"Smith", he said, "I have just got a tip that there may be a retreat from Tjiater in this direction and we may find ourselves soon in the line of fire. I have also some Soebang people with me here and we have decided to camp out in the office. I don't know what you want to do because I know you have a lot of folks there with you, but I think you ought to move. We shall be a lot safer in the middle of the town than out here in things get hectic."
Bill Leslie and I hastily discussed matters and decided to move, like the Sparkes family, to the office. No sooner said than done. Camp beds and provisions were piled into the two cars and off we went. We dropped Paula and Marie Dirks at the house of a friend of theirs and the remaining six of us proceeded to the office where we turned the book keeping department into a bedroom for the Leslie family while Ena and I took up our quarters in my own room/office. The Sparkes family and their refugees were accommodated in Sparkes' room, and in the surface shelter which we had had erected at the side of our office building. Mosquitoes and weariness drove us under our mosquito nets at a comparatively early hour and in spite of the strangeness of our surroundings I think that everybody slept well.
The following morning, Saturday, the Jap bombers were over early and were overhead or in the near vicinity all day. I had a small radio in my office and there was also one in the shelter and we heard the announcement that the sirens would no longer be used but that we had now to consider the situation as one of continuous alarm. The staff had all turned up but little or no work could be done as we spent most of the forenoon in the shelter, driven to cover by the sound of exploding bombs and occasional serial machine gun fire.
On one of the periodical rushes to the shelter, Sparkes reached there carrying a cup of tea which apparently had just been served to him. Mrs Sparkes was immediately ahead of him and as they crossed the threshold a particularly loud bang caused Sparkes' had to jerk so that half of the scalding tea disappeared down the back of his wife's neck! Mrs Sparkes was so peeved that I don't believer she would have noticed a near miss. Sparkes himself would probably have welcomed one in preference to the telling off he got.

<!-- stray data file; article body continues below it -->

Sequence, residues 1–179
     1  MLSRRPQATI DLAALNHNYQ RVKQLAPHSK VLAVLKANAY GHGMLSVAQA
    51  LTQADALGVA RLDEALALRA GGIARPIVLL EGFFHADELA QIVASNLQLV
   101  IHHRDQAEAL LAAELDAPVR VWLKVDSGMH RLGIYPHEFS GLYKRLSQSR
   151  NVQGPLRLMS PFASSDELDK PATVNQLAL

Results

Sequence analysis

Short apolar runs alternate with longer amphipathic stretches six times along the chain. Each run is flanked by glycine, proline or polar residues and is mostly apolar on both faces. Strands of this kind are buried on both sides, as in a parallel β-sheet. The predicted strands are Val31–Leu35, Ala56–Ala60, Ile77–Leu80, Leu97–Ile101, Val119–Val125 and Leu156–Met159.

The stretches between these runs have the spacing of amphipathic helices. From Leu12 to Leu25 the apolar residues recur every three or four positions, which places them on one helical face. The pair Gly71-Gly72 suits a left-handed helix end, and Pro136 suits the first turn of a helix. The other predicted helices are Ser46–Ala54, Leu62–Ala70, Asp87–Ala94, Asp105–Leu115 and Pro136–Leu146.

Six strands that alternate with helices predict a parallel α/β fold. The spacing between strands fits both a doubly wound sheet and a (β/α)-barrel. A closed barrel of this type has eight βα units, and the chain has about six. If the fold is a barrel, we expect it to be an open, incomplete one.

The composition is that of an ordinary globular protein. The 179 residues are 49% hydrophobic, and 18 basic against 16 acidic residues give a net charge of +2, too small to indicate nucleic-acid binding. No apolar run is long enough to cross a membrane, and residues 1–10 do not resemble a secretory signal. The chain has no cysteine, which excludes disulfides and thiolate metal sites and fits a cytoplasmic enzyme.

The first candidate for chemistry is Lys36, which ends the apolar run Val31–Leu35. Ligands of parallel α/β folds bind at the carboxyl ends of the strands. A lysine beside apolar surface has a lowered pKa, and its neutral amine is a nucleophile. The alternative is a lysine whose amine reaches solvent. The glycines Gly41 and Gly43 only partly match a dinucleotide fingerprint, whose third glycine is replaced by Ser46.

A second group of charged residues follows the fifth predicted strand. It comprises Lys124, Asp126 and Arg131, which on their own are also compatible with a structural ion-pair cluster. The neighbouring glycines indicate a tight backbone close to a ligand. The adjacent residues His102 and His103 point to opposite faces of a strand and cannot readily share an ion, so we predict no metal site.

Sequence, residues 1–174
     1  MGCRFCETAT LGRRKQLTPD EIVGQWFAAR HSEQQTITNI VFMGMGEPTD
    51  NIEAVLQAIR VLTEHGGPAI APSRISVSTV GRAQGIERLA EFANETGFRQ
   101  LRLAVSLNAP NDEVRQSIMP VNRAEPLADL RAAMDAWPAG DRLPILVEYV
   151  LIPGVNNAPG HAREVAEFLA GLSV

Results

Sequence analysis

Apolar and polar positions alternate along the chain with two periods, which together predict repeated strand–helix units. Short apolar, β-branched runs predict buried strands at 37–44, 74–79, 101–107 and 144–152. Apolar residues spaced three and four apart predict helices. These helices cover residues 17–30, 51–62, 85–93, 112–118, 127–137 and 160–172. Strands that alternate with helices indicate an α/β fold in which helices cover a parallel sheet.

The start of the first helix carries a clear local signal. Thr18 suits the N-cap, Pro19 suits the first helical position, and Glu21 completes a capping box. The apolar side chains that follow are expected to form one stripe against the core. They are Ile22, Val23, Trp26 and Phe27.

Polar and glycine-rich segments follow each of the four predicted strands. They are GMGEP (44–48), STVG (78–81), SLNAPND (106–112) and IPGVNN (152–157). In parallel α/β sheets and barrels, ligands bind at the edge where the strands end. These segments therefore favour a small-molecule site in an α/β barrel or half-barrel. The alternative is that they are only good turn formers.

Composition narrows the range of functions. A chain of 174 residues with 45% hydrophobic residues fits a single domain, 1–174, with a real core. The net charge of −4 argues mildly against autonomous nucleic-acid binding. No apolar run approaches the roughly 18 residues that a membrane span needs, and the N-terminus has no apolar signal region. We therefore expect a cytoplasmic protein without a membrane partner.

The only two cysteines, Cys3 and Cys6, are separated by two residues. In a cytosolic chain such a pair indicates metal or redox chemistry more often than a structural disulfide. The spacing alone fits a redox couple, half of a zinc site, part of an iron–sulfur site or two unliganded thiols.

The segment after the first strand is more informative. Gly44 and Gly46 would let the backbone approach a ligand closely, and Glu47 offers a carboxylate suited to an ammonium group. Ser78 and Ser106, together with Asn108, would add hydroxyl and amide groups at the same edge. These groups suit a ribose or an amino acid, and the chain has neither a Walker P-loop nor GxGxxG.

Sometime during the morning Ena decided that she wanted to run up to 'Sunny Corner' to fetch something or other which had been forgotten. For some reason which I forget, I was unable to leave the office at that particular moment so Bill Leslie went with her as escort.
They were just leaving the house on the return journey when a low flying Jap Navy-O reared over the treetops and let off a burst of machine gun fire. The bullets spattered along the road a few feet from the car, but fortunately they were not hit. It says a lot for Ena's coolness and driving ability that she did not lose control of the car but, on the contrary, stepped hard down on the gas and went licketty spit down the hill.
Ena and Bill had just arrived back at the office when some bombs fell about a hundred yards away. Ena and I were in my office when the crash came. As plaster fell from the ceiling, we both made a dive under the desk. Unfortunately, we went at it enthusiastically, but from opposites sides so that our heads came together with a resounding crack.
We both fell back on our haunches and laughed uproariously.
A further crash close at hand put an abrupt end to our amusement and we made record time to the shelter.
It may sound irreverent but it tickled us to death when we arrived there to find Sparkes sitting in his armchair at the far end, eyes screwed up tight, hand clasped before him, singing softly and quaveringly, "Nearer, my God, to Thee."
Apart from a burst or two of machine gun fire from the Jap fighter planes on the Chinese quarter a little earlier, these bombs were the only ones which fell within the town itself and were, I imagine, in the nature of a warning by the Japs as to what they could do if they wanted to. By this time, except from anti aircraft fire from the few Beauforts brought by the British, there was no opposition and they could have blown Bandoeng off the map if they had so wished.
How many bombs were actually dropped I do not know exactly, but it could not have been more than three or four and not very heavy ones at that. They fell all in the vicinity of the junction of Groote Postweg with Bantjeis and Regentsweg. The Post Office was slightly damaged and a number of cars parked there set on fire. The rear of the Escompto Bank building got one bomb and another damaged the Mosque. About 40 people mostly natives, were killed or injured.
Sometime during the forenoon our friend, Sam Bor, called up for the militia like most Dutchman of military age some months previously, dropped into the office.
He brought the cheering news that the Japs had been held and thrown back at Tjiater. "Deze keer komen ze niet door!" he said decidedly. (This time they won't get through). Poor Sam! Like the majority of us he was living in a fool's paradise of wishful thinking and highly receptive of every optimistic rumour. I can still recall the sort of glow which possessed me on hearing his words.
**** to be continued